Title:Az eosinophil granulocytás (proliferatív) keratitis macskákban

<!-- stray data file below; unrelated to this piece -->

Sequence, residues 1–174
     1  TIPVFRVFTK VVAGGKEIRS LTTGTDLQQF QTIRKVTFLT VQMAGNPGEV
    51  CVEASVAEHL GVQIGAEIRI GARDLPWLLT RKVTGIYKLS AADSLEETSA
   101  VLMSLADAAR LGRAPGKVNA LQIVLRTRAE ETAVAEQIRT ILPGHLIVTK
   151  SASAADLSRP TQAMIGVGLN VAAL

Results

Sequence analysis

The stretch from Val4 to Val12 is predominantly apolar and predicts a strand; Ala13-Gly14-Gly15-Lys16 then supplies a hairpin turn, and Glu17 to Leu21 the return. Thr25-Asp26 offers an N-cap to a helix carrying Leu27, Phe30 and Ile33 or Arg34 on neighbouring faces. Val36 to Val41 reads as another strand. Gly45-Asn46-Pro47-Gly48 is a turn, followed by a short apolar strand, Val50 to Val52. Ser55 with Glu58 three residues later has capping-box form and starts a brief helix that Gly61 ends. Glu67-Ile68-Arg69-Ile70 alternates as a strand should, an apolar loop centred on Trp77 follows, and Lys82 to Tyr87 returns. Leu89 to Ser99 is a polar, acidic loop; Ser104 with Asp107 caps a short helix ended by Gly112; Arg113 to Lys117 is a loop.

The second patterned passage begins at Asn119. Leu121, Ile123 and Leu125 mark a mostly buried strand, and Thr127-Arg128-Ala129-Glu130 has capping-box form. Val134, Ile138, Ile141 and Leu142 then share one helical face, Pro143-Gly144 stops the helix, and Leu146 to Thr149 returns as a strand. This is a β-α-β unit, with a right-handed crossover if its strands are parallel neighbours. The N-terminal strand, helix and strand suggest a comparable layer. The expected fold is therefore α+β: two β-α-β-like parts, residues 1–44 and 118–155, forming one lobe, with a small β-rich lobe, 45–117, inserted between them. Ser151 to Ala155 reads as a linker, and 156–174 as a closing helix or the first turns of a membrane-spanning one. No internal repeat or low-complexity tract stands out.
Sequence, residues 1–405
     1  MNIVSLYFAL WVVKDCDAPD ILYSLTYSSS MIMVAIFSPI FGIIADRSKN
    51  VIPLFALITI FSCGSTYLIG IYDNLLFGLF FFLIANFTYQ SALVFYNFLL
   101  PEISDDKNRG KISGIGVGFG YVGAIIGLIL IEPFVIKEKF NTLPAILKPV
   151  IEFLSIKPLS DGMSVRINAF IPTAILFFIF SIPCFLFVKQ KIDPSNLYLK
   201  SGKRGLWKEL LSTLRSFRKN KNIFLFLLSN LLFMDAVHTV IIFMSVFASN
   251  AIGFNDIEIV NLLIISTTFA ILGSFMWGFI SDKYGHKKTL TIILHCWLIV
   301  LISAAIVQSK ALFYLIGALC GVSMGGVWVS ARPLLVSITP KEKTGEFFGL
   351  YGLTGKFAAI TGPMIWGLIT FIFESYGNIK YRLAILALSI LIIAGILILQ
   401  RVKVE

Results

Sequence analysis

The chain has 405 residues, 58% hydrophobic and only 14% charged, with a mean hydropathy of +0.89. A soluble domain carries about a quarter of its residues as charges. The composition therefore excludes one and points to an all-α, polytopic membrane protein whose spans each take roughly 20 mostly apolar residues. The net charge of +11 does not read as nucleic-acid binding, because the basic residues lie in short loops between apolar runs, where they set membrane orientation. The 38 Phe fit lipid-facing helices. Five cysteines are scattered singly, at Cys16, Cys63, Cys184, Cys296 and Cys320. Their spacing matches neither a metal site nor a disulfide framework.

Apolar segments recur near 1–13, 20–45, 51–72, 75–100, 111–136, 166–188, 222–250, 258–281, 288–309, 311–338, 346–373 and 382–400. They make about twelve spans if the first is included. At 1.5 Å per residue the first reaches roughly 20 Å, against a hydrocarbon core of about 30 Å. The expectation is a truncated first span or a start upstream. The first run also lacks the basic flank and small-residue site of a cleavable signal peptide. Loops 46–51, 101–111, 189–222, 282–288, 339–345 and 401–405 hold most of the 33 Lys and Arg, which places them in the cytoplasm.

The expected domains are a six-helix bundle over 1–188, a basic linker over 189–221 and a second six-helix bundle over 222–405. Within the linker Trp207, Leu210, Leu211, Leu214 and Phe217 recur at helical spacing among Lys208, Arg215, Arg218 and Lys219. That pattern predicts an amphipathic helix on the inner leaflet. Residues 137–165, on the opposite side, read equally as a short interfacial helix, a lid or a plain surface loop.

Summary Feline eosinophilic keratitis is a chronic, proliferative inflammation of the cornea. Pathogenesis: The exact pathogenesis is still unknown, it may involve infection with FHV-1 (Feline herpesvirus-1). Clinical presentation: The disease is usually unilateral and appears more often in young and middle-aged castrated males. First symptom is perilimbal corneal vascularisation. As the disease progresses irregular, white-pink plaques appear on the dorsotemporal or ventronasal quadrant of the cornea. The lesions are usually covered with corneal epithelium, ulceration is seen only 25% of the cases. Diagnosis: Clinical presentation is typical for the disease. Corneal scraping can verify the diagnosis. Detection of one eosinophil or mast cell in cytology is diagnostic. Treatment: Treatment usually consists of topical corticosteroids (0.1% dexamethason- or prednisolon-acetate) and cyclosporine. Some cats develop adverse reaction to topical treatment. In these cases, systemic medication is necessary. Oral megestrol acetate is an effective treatment for eosinophilic keratitis but there are potential side effects, such as diabetes mellitus, pyometra and mammary gland tumour. Therefore, megestrol acetate is only used if topical treatment cannot be maintained. As the role of herpesvirus in the disease is still unclear, additional treatment with famciclovir is recommended. Initial response to the therapy usually good but over time recurrence rate is more than 50%.